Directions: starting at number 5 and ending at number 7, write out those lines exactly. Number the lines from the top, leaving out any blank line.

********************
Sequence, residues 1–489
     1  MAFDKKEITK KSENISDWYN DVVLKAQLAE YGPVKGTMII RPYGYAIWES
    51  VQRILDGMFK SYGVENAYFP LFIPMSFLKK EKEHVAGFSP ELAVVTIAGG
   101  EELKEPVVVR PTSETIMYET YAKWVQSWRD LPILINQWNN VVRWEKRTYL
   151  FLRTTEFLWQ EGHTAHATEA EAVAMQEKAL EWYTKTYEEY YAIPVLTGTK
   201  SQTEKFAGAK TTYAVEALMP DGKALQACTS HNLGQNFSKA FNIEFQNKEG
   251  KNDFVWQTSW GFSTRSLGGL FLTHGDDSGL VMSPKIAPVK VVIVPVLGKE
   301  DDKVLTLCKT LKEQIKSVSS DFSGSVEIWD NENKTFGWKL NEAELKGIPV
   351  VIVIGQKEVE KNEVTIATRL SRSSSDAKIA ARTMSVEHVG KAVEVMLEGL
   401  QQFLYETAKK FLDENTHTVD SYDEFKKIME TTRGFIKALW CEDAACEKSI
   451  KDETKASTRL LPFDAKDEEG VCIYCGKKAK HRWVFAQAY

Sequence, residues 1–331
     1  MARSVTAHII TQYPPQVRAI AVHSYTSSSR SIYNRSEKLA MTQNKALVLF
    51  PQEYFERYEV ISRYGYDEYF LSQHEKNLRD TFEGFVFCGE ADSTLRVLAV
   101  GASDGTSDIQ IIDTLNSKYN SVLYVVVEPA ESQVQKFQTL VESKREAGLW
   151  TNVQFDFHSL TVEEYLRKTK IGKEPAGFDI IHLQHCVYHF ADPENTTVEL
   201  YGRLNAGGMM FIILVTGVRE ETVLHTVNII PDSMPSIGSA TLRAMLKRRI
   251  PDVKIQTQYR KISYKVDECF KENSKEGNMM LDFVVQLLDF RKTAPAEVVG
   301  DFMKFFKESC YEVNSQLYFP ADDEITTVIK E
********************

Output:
   151  FLRTTEFLWQ EGHTAHATEA EAVAMQEKAL EWYTKTYEEY YAIPVLTGTK
   201  SQTEKFAGAK TTYAVEALMP DGKALQACTS HNLGQNFSKA FNIEFQNKEG
   251  KNDFVWQTSW GFSTRSLGGL FLTHGDDSGL VMSPKIAPVK VVIVPVLGKE